Richard Kind on Making a Short Film About Making a Short Film

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“We wrote the part with Richard in mind,” Max Cohn said, referring to the father in “Proof of Concept.”

Chloe, a young filmmaker, is tagging along with her father, Robert, and his brother Ed as they run errands on the Upper West Side. From the dry cleaner’s to the stationery store, from Zabar’s to Barney Greengrass, Chloe pursues the siblings, as pesky and insistent as a gnat. She wants something from them—specifically, ten thousand dollars. That way, she can fund her short film, a work that, she explains, would make for a “proof of concept,” which she’d then be able to expand into a feature. Robert, however, is confused. “It seems counterintuitive,” he says. “Why don’t you just put the ten grand toward the feature?” Ed, who fancies himself a bit of an expert on the movie industry, responds, sagely, “A short film is the foreplay you do before performing coitus in the film world!” (“I hate that analogy, Uncle Ed, but it’s not wrong,” Chloe admits.)

Chloe is played by Ellie Sachs, who also wrote and directed the gently humorous film, “Proof of Concept,” alongside her friend Max Cohn. “This movie was really born out of our befuddlement around the short-filmmaking process,” Sachs said. “As soon as we asked ourselves, ‘Has anyone ever made a short film about short filmmaking?,’ we wanted to be the first,” Cohn added. Sachs, who lives in Los Angeles, and Cohn, who lives in New York, got on the phone with me recently, and were joined on the call by Richard Kind, the beloved comic character actor, who plays Robert. Kind, who lives in New York but was spending the week in L.A. for work, had asked to delay the call by ten minutes so that he could finish up a golf game, and was patching in from the locker room. (“It’s boiling hot, and people are walking around buck naked!” he said.) Golf, it turns out, was also part of the casting process. “We wrote the part with Richard in mind,” Cohn said, “and then my friend Will [Janowitz, who ended up playing Uncle Ed] said, ‘My neighbor plays golf with him!’ and passed him the script.”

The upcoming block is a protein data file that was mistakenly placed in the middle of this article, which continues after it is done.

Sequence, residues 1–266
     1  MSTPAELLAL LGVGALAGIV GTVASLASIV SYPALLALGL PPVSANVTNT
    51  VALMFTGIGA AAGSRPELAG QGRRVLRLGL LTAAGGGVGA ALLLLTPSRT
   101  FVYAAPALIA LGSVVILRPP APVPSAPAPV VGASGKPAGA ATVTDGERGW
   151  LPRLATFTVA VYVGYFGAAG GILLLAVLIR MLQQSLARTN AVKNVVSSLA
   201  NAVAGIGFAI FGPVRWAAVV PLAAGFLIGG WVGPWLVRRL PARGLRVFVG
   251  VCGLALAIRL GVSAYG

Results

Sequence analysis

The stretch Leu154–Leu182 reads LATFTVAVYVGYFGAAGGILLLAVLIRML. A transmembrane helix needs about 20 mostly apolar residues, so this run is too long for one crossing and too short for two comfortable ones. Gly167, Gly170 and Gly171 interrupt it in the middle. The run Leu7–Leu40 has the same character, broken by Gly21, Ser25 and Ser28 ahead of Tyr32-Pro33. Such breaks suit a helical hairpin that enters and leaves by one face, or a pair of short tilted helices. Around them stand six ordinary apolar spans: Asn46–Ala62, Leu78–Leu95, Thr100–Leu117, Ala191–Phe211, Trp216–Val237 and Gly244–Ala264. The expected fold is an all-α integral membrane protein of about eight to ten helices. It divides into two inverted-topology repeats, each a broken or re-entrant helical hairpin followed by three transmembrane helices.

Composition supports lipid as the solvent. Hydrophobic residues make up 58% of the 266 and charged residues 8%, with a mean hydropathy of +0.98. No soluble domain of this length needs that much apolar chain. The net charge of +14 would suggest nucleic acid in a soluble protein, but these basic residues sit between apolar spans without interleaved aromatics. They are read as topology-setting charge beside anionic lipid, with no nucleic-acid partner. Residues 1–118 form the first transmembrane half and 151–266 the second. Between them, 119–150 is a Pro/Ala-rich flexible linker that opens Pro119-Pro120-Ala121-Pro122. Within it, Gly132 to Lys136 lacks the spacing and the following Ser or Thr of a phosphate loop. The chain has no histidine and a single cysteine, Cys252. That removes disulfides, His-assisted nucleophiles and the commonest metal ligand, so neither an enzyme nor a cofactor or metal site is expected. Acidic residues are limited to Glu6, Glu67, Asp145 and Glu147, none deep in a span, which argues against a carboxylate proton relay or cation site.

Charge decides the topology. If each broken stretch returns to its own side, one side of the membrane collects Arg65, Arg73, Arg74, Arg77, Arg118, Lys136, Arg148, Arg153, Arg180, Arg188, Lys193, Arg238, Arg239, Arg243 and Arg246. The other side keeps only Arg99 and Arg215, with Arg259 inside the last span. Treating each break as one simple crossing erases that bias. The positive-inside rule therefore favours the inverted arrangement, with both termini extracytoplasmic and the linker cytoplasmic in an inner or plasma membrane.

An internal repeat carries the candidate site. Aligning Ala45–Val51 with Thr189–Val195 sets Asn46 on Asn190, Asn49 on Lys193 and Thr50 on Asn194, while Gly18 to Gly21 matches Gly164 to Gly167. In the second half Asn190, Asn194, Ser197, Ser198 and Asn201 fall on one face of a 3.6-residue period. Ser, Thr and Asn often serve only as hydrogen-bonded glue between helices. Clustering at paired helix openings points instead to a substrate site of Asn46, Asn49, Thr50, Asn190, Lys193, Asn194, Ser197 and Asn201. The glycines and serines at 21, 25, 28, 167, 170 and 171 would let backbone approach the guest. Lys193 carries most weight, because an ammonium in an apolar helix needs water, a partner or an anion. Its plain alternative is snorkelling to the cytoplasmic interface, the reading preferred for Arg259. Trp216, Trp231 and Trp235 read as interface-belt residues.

Both Sachs and Cohn grew up in the city—Sachs in SoHo and Cohn on the Upper West Side—and, when they were thinking of where to set “Proof of Concept,” Cohn saw his old stomping ground as the right choice. Sachs, who, for a past project, remade Woody Allen’s “Annie Hall,” starring senior citizens, agreed. “The Upper West Side is so filmic,” she said. The city, in general, seemed to her like a great backdrop for Chloe’s striving. “It’s the cheesiest thing to say, but New York is a character here,” she said, naming as inspiration other N.Y.C.-based movies like the Safdie brothers’ “Daddy Longlegs.” As for the film’s specific shooting locations, “we were only able to get them because of Richard,” Cohn told me. “We went into Barney Greengrass and Zabar’s and asked if we could shoot there for free, and they said, ‘Absolutely not.’ Then when we came back with Richard, they were, like, ‘Of course, how long do you need? An hour? Two hours?’ ”

“Proof of Concept,” meanwhile, has been fulfilling one of the chief aims of any short, by being accepted into a cluster of festivals, among them the Tribeca Film Festival and New/Next. But, when asked if they were planning to follow up on the movie’s own meta-premise and expand it into a feature, the two filmmakers said to “stay tuned.” They did know, however, that they’d love to work with Kind again. Kind scoffed good-naturedly. “For the feature, you’re going to get Paul Giamatti,” he said. Cohn quickly objected: “We will accept no Richard Kind substitutes!”


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